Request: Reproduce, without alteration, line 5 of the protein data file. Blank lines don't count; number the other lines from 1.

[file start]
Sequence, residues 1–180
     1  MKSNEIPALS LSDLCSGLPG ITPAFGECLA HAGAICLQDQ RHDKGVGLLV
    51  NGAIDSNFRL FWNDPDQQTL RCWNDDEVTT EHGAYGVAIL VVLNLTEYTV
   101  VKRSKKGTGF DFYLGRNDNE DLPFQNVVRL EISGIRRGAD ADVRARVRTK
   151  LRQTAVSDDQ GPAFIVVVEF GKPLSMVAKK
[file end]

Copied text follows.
   151  LRQTAVSDDQ GPAFIVVVEF GKPLSMVAKK